‘Anyone Can Cook’: The Emergence of Cooking Competitions

One of the major changes involved the emergence of the ‘cooking competition’, wherein amateur chefs cooked and chopped their way to kitchen supremacy. Popular examples include Iron Chef, Masterchef and Top Chef (which actually do not air on the Food Network). Personally, I have nothing against these shows. After all, they do manage to do an incredible job of humanizing the art of cooking, bringing to life the proposition that ‘anyone can cook’.

The real problem lies in how shows like these have taken over the cooking television landscape, turning cooking  into just another aspect of reality television.

Relatable Hosts vs World Class Cooking 

I am all for seeing pseudo amateur cooks or culinary school graduates (Guy Fierri is one, btw) become hosts of their own show, but I deeply miss seeing longtime professionals bring world class cooking to homes everywhere.

A large part of me believes that both of these entities could have coexisted: humanizing cooking television and seeing cooking professionals on television. I guess not everyone agrees.

On Guy Fierri

The Slate article I read politely lambasts Fierri’s annoyingly ubiquitous presence on the Food Network’s schedule. That, I agree with immensely. Could they not have found someone else to host the seven or so shows Fierri helms, or is it because he’s the biggest seller when it comes to cookbooks? You tell me.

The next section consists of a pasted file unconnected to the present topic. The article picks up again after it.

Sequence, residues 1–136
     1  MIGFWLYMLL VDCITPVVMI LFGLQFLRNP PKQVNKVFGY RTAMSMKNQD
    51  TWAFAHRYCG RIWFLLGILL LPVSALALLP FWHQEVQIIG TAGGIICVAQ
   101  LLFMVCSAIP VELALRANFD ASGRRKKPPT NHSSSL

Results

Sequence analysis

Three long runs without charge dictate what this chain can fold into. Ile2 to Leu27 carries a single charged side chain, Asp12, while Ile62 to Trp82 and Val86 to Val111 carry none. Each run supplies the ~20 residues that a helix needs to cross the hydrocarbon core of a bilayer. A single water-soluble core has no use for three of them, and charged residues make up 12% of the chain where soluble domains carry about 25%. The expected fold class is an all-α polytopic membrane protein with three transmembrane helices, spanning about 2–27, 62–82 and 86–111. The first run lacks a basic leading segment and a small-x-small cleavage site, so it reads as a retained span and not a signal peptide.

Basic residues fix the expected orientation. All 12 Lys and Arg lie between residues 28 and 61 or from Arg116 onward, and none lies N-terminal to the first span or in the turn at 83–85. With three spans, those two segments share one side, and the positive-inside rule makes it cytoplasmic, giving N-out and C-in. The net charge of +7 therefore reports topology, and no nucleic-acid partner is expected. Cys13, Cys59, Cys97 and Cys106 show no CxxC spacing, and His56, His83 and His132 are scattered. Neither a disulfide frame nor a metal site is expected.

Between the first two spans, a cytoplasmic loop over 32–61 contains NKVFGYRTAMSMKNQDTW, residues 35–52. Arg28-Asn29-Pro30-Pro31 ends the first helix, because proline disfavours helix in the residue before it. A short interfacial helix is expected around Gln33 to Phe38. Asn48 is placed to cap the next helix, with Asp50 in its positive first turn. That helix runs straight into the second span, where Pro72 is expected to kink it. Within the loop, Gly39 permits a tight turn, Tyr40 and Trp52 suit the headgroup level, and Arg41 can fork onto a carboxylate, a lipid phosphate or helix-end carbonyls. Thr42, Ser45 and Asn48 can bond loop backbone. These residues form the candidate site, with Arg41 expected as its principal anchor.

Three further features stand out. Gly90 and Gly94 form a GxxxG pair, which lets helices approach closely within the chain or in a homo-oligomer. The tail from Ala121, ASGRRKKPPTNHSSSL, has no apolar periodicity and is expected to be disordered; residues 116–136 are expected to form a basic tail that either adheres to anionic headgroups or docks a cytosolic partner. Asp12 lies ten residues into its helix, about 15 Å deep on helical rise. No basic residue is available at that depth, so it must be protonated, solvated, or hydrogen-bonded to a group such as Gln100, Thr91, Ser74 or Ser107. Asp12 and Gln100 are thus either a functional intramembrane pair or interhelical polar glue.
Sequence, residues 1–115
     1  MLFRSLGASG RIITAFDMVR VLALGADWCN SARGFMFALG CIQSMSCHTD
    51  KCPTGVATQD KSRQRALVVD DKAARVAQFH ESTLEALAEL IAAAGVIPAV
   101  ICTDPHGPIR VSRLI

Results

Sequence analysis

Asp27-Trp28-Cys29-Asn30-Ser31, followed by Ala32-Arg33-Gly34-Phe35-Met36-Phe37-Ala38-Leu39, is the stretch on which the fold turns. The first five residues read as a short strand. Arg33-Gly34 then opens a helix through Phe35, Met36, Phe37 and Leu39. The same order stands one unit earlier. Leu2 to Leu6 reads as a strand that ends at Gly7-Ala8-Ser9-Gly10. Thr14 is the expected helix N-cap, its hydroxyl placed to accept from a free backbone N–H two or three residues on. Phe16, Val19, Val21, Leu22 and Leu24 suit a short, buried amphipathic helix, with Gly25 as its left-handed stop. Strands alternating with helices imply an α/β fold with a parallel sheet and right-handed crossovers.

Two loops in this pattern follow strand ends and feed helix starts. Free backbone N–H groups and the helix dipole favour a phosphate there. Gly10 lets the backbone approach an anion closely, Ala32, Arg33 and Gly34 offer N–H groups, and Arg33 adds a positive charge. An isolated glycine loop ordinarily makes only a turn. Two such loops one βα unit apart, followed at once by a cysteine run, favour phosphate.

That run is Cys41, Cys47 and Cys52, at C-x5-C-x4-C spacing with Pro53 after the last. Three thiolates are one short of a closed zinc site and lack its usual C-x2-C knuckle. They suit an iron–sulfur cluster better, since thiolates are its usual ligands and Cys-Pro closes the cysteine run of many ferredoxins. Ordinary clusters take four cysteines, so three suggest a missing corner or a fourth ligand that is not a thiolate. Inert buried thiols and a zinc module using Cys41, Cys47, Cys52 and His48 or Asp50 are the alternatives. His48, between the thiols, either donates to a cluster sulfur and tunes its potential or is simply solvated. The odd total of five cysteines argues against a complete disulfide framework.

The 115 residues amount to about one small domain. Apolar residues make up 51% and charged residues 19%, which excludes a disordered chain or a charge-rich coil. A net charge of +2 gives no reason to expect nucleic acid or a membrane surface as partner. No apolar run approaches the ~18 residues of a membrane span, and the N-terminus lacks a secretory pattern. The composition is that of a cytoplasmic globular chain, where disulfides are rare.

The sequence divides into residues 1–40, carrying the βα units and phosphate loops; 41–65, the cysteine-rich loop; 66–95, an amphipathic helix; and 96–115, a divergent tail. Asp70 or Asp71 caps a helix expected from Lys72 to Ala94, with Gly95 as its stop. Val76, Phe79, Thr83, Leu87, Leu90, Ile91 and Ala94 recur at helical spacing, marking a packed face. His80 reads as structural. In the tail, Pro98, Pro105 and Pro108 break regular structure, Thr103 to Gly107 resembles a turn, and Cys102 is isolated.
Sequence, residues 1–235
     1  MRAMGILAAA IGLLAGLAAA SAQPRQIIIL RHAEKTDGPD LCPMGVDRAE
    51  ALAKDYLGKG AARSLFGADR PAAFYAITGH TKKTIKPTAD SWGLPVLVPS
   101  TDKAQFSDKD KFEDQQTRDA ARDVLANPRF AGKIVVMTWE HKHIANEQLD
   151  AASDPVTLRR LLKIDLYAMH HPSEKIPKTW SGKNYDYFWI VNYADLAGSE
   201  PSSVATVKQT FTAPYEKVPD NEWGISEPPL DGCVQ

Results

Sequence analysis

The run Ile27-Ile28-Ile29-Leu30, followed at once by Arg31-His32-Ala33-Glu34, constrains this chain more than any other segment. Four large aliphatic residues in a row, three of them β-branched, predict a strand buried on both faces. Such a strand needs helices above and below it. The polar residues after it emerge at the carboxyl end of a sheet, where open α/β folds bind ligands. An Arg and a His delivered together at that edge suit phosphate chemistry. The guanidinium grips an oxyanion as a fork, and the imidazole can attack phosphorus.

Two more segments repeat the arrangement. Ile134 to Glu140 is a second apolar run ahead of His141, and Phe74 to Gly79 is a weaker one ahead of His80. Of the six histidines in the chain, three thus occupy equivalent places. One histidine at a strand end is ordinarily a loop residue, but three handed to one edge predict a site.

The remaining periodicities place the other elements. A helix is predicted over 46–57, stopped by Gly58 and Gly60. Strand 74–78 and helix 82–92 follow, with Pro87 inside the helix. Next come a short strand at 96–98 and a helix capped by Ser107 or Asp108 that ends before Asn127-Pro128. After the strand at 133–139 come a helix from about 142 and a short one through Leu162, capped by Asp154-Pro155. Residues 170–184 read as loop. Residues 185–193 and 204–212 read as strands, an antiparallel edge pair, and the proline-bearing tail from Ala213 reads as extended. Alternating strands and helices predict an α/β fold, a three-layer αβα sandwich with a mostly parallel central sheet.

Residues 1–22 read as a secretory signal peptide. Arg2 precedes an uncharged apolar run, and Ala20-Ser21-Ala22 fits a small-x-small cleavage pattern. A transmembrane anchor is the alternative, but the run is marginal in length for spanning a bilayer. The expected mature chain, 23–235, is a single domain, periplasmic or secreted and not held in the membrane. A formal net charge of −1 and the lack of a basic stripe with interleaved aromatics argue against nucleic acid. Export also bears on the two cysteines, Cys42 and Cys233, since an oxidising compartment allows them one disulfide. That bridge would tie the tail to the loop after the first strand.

On the other hand, it seems rather unfair to solely blame Fierri for what the network has become. It also seems unfair to discredit Fierri’s capabilities, as it seems it is his personality that’s really in question here.

Perhaps Bobby Flay, Giada di Laurentis and Alton Brown should do a much better job of searching for a tolerable, yet talented Food Network star.

Changes Changes Changes 

Looking back on it now, I’ve come to realize that the Food Network changed for an obvious reason: the times. In the years that followed, cooking television wasn’t limited to the Food Network anymore… other channels followed with shows of their own. You would think that a name like ‘Food Network’ would give them sole reign of the cooking television market, but you would be wrong.

The emergence of modern technology has pretty much made the TV obsolete. The modern day viewer is not limited to watching a twenty minute show for a good recipe of marinara pasta anymore… instead, he/she can opt to find the recipe (and an even shorter video) online.